The northern tip of New Zealand’s South Island is windy, very windy. And sandy, very sandy. This combination leads to the formation of sand dunes, which over the eons become sandstone. Because sandstone is soft it is easily eroded. And at Wharariki Beach -where I spent the last three days- the sandstone has eroded to create two of the most beautiful offshore islands I’ve ever seen.
Their proper name is the Archway Islands, a moniker that couldn’t be better chosen. Three hundred foot towers of sandstone shot through with massive arches. It’s hard to say exactly how big the arches are but the western one looks like you could play a game of soccer inside it. Although you can drive most of the way to Wharariki Beach, the final approach is a 20-minute trek through farm paddocks and coastal forest, an effort that seems fitting to reach a place of such extraordinary beauty.
I saw a picture of the Archway Islands a few years ago and put it high on my must-visit list for this trip. As a person I wanted to experience the place. As a photographer (and in particular a seascape photographer) I knew this was a spot I was going to linger until I got perfect conditions. The funny thing about seascapes is that they are often beautiful, but rarely iconic. Coastal scenes frequently lack that obvious sense of place that make them instantly recognizable. There are a few exceptions to the rule and Wharariki is one of the best of them.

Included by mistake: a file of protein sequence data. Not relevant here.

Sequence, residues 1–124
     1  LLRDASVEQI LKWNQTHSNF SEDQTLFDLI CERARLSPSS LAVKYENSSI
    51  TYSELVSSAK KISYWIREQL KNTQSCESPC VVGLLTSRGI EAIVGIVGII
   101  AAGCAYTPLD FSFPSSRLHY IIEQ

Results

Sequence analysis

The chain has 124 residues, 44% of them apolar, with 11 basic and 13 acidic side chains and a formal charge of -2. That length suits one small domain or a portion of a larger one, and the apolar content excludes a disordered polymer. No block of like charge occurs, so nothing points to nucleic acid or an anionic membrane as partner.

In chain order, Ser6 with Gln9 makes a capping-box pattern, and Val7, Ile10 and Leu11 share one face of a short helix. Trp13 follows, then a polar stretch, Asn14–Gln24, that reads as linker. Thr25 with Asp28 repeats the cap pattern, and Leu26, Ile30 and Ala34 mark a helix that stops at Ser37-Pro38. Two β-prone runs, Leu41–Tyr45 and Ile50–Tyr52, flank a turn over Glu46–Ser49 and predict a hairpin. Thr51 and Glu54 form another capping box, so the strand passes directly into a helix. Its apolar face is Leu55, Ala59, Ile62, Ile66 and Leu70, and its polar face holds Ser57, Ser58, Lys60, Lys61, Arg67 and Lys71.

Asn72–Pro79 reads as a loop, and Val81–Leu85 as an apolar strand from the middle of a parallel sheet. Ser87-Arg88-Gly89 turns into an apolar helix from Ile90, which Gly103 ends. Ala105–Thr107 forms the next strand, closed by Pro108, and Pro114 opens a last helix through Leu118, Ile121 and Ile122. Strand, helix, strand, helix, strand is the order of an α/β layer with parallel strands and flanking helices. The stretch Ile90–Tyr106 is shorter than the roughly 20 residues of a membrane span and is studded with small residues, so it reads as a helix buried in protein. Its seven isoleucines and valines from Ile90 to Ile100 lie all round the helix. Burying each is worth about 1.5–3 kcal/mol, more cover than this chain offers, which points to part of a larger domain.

The challenge I faced was capturing such a spectacular place with spectacular light, a feat which is easier said than done when your photography trip has a time limit. I was prepared to wait up to 5 days at Wharariki for the right light. When an amazing sunset exploded on my second night there my serotonin levels skyrocketed and I couldn’t keep myself from laughing like a maniac. This was a highlight among highlights of the trip so far.
(FYI, I’m keeping a lid on my top-shelf pics from this trip because I want to edit them on a color-calibrated monitor when I get back home. So if you’re wondering where my shot from the amazing sunset I described here is, you’ll just have to wait a bit to see it!)